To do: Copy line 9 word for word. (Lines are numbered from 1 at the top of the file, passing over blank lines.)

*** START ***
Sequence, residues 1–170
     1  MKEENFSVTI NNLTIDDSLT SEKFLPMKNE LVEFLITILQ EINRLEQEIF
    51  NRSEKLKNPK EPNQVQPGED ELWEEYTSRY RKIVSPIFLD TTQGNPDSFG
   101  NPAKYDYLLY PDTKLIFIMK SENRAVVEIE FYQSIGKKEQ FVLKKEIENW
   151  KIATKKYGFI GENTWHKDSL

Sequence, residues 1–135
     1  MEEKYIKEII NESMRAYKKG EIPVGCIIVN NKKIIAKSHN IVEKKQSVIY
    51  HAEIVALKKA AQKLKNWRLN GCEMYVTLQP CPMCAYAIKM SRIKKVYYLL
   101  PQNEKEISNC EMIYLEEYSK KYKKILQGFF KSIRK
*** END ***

   101  PQNEKEISNC EMIYLEEYSK KYKKILQGFF KSIRK